Whether you have a peanut allergy, or you know someone who does — you may have found yourself double — checking labels or restaurant menus to make sure the food in question has no trace of a peanut. Though it seems like common knowledge, a researcher from Princeton argues that such habitual allergy awareness wasn't always present in American society.

Miranda Waggoner is a postdoctoral researcher at the Office of Population Research at Princeton University's Woodrow Wilson School of Public and International Affairs. In a recent study, she analyzed the journey of the peanut allergy from its early days of being nearly unheard of, to its prevalence and influence in today's society, where schools, restaurants, airlines and other public places have taken steps to enforce safety by banning peanuts.

"I argue that the peanut allergy epidemic was co-constructed through interactions between experts, publics, biomedical categories, and institutions, while social reactions to the putative epidemic expanded the sphere of surveillance and awareness of peanut allergy risk," Waggoner wrote in an article which was published in Social Science & Medicine.

Waggoner says that before 1980, there was very little, if any, discussion of peanut allergies in medical literature or in the media. However, peanut allergies gradually became more prominent and in 1990, medical journals started picking up on their seriousness. As a result, the media began spotlighting the often drastic side of allergic reactions — anaphylactic shock — publishing headlines like "Nut Allergy Girl's Terror; Girl Almost Dies from Peanut Allergy."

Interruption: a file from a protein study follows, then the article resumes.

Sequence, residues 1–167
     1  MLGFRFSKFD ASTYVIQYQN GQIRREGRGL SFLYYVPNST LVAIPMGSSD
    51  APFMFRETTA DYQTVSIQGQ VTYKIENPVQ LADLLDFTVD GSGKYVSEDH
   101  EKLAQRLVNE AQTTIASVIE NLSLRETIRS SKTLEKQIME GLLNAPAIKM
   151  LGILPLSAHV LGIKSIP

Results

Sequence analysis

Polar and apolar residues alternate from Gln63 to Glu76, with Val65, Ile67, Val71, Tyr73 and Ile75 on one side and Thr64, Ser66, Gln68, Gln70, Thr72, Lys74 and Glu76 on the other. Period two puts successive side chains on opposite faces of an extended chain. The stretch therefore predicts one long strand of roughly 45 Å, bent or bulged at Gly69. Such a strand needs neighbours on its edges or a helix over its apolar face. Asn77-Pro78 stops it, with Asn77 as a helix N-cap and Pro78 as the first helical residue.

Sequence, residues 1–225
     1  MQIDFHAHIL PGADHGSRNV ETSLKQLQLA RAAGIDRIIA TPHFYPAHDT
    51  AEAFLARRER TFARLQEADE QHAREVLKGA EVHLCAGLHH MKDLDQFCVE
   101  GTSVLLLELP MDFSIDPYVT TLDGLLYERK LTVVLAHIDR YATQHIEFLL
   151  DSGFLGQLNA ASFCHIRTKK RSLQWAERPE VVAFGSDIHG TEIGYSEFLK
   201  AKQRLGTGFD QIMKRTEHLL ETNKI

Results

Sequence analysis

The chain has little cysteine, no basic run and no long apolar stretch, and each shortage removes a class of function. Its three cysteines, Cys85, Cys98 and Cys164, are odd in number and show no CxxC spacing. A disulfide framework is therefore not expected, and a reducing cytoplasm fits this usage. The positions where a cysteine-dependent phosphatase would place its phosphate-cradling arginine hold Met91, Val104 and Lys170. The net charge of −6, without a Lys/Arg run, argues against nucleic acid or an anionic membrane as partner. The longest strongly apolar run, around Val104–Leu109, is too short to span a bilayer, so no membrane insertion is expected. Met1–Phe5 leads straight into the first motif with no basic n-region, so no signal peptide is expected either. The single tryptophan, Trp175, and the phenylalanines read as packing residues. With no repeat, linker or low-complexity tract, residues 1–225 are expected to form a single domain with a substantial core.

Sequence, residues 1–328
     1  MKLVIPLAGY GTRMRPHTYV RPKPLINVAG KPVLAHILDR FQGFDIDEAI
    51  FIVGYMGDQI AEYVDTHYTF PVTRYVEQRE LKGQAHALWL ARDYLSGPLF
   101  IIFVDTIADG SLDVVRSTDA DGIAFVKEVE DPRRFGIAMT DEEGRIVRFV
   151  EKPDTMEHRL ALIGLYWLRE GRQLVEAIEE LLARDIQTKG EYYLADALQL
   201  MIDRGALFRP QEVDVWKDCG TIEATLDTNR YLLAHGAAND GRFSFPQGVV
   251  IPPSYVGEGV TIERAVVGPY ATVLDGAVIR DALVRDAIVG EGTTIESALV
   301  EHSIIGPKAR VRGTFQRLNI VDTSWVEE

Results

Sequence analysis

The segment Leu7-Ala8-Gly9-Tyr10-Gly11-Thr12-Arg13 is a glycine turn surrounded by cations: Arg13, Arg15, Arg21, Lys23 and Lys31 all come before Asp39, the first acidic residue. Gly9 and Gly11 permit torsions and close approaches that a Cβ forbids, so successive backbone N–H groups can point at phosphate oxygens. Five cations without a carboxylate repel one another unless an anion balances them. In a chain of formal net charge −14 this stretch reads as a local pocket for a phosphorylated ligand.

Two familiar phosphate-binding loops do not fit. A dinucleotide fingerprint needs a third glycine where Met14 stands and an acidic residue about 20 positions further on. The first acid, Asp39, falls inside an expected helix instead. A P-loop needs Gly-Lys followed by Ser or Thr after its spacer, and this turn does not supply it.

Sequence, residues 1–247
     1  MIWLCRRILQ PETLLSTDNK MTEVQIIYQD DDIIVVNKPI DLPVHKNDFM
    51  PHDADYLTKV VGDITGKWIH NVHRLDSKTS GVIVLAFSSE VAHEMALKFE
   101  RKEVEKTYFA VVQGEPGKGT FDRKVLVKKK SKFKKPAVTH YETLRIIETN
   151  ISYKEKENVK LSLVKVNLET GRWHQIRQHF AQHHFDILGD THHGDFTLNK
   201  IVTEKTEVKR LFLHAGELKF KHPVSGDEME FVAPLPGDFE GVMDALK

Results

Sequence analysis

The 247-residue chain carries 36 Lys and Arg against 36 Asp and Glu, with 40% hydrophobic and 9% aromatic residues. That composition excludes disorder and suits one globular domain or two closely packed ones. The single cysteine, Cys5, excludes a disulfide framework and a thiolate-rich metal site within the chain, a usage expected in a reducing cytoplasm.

The peanut allergy phenomenon earned its label as an "epidemic" in the following years, as more children were found to have allergic reactions to peanuts. According to the Centers for Disease Control and Prevention, the number of U.S. children with peanut allergies increased by 17 percent between 1997 and 2008. Allergic reactions could range from mild rashes to anaphylactic shock, and in some rare cases, death.

In 2006, the Food Allergen Labeling and Consumer Protection Act (FALCPA) mandated that products containing major food allergens like milk, eggs, shellfish, peanuts, and tree nuts be labelled appropriately to prevent any accidental allergic reactions.

Airlines, for example, no longer offer their once-staple snack of pre-packaged peanuts. In May, a woman with a peanut allergy suffered a severe reaction after the passenger next to her opened up a bag of peanuts brought from home. After an emergency landing and a 2-day stay at a hospital, the woman sued United Airlines for having assured her that her peanut allergy wouldn't be a problem.

Whether or not peanut allergies can be called an epidemic is still being debated. Because food allergies were not largely documented or discussed for more than half of the first part of the 20th century, it's difficult to discern whether this is an entirely recent phenomenon.

One Harvard professor, Dr. Nicholas Christakis, pointed out in a commentary published in the British Medical Journal that about 150 Americans die from allergies per year — compared to the 100 people who are struck by lightning yearly.

Likewise, Waggoner is still uncertain as to why peanut allergies have received such hype, when other food allergies afflict even more of the American population. She argues in her paper that "while eight foods account for over 90 percent of food allergy reactions, including milk, eggs, peanuts, tree nuts, fish, shellfish, soy and wheat, the peanut allergy has arguably received the largest share of medical and social attention." About one percent of Americans have a peanut allergy.